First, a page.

Background

In the final years of the
American Civil War The American Civil War (April 12, 1861 – May 26, 1865; also known by Names of the American Civil War, other names) was a civil war in the United States. It was fought between the Union (American Civil War), Union ("the North") and t ...
and the
Reconstruction Era The Reconstruction era was a period in History of the United States, American history following the American Civil War (1861–1865) and lasting until approximately the Compromise of 1877. During Reconstruction, attempts were made to rebui ...
that followed, Congress repeatedly debated the rights of black former slaves freed by the 1863
Emancipation Proclamation The Emancipation Proclamation, officially Proclamation 95, was a presidential proclamation and executive order issued by United States President Abraham Lincoln on January 1, 1863, during the American Civil War, Civil War. The Proclamation c ...
and the 1865 Thirteenth Amendment, the latter of which had formally abolished slavery. Following the passage of the Thirteenth Amendment by Congress, however, Republicans grew concerned over the increase it would create in the congressional representation of the Democratic-dominated Southern states. Because the full population of freed slaves would be now counted rather than the three-fifths mandated by the previous Three-Fifths Compromise, the Southern states would dramatically increase their power in the population-based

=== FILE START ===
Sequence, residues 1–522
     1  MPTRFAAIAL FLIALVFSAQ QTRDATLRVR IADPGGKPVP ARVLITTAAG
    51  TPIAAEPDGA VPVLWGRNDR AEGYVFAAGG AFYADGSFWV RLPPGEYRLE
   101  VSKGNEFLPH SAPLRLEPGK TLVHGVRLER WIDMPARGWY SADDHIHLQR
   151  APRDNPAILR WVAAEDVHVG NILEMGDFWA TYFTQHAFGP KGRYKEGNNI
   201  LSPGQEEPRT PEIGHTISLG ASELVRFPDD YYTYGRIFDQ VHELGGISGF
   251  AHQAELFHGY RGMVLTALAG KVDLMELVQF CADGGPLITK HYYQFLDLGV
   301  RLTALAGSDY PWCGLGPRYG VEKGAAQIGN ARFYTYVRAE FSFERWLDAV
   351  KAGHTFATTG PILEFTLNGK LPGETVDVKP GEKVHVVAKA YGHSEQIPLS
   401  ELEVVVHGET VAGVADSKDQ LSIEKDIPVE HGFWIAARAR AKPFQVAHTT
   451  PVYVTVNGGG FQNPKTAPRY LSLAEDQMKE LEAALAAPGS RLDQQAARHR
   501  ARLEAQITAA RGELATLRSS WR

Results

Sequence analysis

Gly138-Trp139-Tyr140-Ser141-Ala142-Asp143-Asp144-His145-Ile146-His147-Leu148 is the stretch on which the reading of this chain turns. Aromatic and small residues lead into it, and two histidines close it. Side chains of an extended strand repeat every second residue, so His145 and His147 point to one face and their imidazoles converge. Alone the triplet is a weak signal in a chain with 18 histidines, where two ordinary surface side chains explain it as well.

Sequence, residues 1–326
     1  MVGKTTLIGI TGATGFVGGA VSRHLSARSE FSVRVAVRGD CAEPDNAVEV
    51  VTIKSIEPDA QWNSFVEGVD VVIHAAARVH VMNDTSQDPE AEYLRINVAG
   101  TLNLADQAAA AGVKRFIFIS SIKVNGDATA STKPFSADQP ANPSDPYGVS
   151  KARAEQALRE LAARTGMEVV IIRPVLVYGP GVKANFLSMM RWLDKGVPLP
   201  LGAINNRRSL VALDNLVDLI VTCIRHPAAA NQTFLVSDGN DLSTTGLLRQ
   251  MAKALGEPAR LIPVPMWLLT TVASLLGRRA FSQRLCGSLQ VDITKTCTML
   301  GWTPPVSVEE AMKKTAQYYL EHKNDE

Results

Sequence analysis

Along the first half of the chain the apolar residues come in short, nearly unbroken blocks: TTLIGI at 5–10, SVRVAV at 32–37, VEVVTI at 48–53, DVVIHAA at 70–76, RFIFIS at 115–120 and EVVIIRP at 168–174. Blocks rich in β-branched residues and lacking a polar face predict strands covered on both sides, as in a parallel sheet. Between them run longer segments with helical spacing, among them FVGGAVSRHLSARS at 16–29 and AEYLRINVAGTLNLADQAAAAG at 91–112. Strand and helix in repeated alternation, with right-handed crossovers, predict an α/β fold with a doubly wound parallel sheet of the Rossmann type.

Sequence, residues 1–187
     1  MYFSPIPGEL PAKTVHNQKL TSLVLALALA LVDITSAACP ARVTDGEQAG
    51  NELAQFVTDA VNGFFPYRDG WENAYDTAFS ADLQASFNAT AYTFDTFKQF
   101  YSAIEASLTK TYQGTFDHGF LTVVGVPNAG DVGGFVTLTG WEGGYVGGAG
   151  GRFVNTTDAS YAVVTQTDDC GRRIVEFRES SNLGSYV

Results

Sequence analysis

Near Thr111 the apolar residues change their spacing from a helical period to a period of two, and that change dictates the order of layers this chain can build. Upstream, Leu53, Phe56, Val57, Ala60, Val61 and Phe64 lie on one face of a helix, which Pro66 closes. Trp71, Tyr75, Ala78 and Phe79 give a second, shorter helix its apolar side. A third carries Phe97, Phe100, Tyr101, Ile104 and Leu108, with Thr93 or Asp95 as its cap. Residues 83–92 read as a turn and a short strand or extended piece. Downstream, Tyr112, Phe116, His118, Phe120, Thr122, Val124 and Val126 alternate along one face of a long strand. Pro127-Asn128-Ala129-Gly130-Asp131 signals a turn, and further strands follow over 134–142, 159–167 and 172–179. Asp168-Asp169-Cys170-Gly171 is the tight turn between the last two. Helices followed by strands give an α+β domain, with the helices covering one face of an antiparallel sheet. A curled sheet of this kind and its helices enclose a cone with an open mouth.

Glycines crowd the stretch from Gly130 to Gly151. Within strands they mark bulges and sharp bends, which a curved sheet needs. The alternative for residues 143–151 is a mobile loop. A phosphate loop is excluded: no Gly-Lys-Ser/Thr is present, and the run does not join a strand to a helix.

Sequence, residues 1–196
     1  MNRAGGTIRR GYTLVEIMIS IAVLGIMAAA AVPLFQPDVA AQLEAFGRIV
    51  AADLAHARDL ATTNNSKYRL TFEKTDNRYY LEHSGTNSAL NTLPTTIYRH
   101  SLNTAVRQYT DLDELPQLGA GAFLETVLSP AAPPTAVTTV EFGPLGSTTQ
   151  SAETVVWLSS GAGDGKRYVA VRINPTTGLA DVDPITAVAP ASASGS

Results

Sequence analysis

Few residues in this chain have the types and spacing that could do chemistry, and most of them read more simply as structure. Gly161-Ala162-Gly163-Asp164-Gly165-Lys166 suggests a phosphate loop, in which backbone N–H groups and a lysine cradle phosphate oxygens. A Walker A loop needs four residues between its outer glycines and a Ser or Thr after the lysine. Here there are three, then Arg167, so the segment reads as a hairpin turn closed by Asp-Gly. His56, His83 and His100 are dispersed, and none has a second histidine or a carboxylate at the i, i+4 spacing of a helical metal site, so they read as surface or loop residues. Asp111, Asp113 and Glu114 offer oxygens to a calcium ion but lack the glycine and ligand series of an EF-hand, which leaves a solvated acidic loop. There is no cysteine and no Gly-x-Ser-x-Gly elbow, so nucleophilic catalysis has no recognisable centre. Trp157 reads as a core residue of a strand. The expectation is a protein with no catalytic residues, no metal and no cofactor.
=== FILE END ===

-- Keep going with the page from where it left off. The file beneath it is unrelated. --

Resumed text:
House of Representatives House of Representatives is the name of legislative bodies in many countries and sub-national entitles. In many countries, the House of Representatives is the lower house of a bicameral Bicameralism is a type of legislature, one divided ...
. Republicans hoped to offset this advantage by attracting and protecting votes of the newly enfranchised black population. In 1865, Congress passed what would become the
Civil Rights Act of 1866 The Civil Rights Act of 1866 (, enacted April 9, 1866, reenacted 1870) was the first United States federal law to define citizenship and affirm that all citizens are equally protected by the law. It was mainly intended, in the wake of the Amer ...